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Unit 2, 10 Kam Close
Morisset Industrial Park NSW 2264,
Australia

49705842

All-weather labels, tags and signage. 
Water-proof. Long-lasting.

Barcodes Revisited

Green Geek

Dr Joseph Sweeney has a long history in horticultural labelling, barcode and supply chain management.  He has worked extensively with both public and private sector organisations on a broad range of technology initiatives, including electronic document interchange (EDI), the Greater China region’s adoption of EAN barcodes and product identification numbers, e-commerce, software design and project management.

Since working on the development of TyTags’ initial labelling solutions more than 30 years ago, Joseph has been actively involved in supply chain management issues throughout the Asia Pacific and Australasian region.  Most recently, he spearheaded the development of Australia’s first just-in-time colour digital labelling solution for horticulture and environmental uses.

Better known in horticultural circles as the Green Geek, Joseph writes a monthly article published in Hort Journal Australia  identifying and demystifying  IT from the perspective of growers and nursery managers.

In addition to his role within the family business, Joseph is also an advisor with Intelligent Business Research Services, the largest independent Australian technology advisory and research firm. At IBRS, he guides clients in the planning, selection and deployment of new technologies.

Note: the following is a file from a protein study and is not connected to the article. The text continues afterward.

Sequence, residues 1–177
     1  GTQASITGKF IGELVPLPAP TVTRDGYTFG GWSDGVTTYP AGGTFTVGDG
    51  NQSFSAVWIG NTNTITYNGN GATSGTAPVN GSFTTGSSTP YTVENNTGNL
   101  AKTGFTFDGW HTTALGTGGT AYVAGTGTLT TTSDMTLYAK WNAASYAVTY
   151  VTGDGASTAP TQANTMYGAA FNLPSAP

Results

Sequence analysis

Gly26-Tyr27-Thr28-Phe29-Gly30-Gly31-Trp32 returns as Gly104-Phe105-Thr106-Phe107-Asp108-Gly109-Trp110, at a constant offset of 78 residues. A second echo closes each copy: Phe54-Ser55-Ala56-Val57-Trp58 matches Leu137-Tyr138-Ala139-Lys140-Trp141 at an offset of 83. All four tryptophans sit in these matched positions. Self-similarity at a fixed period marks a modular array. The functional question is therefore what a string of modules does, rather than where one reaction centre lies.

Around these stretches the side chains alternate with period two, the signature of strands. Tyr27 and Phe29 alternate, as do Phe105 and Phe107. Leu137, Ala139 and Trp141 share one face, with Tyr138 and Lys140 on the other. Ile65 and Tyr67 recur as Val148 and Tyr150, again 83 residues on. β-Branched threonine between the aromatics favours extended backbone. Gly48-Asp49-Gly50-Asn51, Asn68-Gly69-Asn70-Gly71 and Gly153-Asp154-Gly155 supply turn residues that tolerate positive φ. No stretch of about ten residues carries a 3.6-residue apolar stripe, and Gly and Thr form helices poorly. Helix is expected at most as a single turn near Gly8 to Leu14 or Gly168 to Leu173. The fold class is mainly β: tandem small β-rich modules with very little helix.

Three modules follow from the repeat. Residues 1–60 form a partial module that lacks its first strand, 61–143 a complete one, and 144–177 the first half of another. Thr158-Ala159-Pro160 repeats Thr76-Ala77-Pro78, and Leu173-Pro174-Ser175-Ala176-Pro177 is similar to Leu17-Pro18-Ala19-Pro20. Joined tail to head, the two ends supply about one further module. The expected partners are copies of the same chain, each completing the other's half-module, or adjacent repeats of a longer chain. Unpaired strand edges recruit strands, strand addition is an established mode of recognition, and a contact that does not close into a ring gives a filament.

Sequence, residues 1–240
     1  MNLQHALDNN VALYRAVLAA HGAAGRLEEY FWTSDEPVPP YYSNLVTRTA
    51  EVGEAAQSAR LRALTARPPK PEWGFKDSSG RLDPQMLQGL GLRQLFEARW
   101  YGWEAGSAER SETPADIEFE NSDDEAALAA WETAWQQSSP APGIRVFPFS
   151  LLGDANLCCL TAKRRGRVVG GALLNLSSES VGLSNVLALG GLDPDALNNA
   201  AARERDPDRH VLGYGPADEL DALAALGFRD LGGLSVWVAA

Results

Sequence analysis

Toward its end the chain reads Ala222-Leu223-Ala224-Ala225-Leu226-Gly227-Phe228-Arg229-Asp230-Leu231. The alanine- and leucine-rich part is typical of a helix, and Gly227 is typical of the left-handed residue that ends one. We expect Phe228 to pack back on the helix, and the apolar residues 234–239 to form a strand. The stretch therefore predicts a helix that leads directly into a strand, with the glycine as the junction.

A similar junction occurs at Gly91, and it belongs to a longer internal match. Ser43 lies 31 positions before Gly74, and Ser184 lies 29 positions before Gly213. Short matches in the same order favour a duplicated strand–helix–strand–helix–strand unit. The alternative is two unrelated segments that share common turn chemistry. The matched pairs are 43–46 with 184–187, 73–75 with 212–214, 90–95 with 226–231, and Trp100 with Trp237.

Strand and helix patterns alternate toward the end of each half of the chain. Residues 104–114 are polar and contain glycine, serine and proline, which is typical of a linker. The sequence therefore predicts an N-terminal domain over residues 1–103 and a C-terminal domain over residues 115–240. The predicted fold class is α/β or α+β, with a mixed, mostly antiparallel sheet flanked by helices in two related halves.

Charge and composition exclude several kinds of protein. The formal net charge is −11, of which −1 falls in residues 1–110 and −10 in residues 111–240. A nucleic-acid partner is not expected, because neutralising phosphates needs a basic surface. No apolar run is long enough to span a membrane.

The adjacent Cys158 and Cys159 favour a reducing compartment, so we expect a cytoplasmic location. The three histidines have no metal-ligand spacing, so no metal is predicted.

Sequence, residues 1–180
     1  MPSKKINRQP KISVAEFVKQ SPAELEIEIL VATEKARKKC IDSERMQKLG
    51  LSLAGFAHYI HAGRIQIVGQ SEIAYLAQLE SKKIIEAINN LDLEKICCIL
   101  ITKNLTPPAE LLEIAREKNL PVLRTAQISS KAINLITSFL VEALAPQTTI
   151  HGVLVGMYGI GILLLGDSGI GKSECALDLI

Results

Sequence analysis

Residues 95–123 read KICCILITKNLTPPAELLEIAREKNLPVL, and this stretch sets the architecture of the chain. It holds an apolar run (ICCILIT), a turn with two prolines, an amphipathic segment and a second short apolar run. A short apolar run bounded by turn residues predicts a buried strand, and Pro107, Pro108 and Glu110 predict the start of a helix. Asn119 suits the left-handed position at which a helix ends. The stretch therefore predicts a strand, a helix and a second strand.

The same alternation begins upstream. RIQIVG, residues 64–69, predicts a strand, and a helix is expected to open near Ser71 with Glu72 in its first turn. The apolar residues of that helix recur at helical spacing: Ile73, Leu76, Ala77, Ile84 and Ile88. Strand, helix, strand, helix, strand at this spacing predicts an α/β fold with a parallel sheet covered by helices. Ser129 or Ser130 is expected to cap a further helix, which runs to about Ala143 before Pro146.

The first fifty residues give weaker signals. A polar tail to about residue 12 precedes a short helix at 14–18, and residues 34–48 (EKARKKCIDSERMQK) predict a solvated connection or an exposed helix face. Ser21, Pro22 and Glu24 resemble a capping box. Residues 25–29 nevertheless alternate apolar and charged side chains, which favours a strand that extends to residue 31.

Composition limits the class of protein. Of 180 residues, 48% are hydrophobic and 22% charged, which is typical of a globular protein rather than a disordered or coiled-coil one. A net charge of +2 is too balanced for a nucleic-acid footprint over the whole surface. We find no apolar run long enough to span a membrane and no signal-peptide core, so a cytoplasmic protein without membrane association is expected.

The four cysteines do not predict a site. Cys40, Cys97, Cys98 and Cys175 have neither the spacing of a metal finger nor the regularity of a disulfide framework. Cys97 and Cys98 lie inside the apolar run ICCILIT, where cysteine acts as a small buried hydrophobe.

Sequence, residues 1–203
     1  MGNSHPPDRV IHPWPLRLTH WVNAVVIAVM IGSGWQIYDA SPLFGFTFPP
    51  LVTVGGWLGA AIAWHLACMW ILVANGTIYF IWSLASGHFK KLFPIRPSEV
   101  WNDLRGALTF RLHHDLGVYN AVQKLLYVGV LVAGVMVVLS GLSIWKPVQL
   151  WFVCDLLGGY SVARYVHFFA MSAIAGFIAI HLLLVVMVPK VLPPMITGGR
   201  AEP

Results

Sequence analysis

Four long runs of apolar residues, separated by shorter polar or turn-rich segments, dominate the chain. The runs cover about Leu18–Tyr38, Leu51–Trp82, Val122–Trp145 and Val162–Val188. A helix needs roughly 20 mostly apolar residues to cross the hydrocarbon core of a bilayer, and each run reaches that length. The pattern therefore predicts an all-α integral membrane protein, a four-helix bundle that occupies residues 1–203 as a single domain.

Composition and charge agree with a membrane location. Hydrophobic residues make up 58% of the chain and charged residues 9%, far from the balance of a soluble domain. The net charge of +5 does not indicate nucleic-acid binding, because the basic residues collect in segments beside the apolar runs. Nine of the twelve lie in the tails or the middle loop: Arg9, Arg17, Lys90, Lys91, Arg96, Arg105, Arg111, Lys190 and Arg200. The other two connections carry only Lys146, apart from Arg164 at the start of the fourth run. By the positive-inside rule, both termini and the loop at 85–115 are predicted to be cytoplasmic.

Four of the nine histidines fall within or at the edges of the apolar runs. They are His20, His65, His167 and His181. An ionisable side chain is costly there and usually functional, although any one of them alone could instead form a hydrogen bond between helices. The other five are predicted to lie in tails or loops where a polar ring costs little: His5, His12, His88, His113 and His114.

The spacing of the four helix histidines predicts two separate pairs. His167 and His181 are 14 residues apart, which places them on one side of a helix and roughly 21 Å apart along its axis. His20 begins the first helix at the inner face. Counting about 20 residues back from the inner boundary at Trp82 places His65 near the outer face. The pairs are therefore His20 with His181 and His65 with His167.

Barcodes Revisited

Kascha Sweeney

Dear Mr Geek,

Our nursery is looking to use barcodes with a new point of sales (POS) system.  I’ve been told that we need to purchase “GS 1” barcodes on an annual basis, and these are quite expensive.  Is there a cheaper way to get barcodes?

Sincerely,

Barbara

In the very first issue of the Green Geek – all too many years ago now – we talked about this very issue.  Barcodes are a confusing subject to many people: mostly because unscrupulous sellers of “article numbers” purposely complicate the issue.  Here’s the thing: barcodes are simply a way of printing information so that a computer can read it with a scanner.  “Article numbers” are what organisations like GS1 actually sell – not the barcode.  “But what does that actually mean?”  I hear you asking!

To really understand this issue, we need to first define what a barcode does.  You can think of the barcode as a printable alphabet that encodes information.  Just as the English alphabet encodes information (words), so too does a barcode.  If I write down the text, “Roses are red,” in English, everyone can see the individual characters, and we humans have been trained to understand what this actually means.  We can decode the English alphabet just by looking at it. (Which is pretty amazing!)

However, the English alphabet is very difficult for computers to read at high speed.  Barcodes are away to write the text in such a way that a computer can quickly scanned the information.  We can create a barcode that reads, “Violets are blue,” and when it is scanned the computer will literally get that text, just as if a person had typed it in from the keyboard.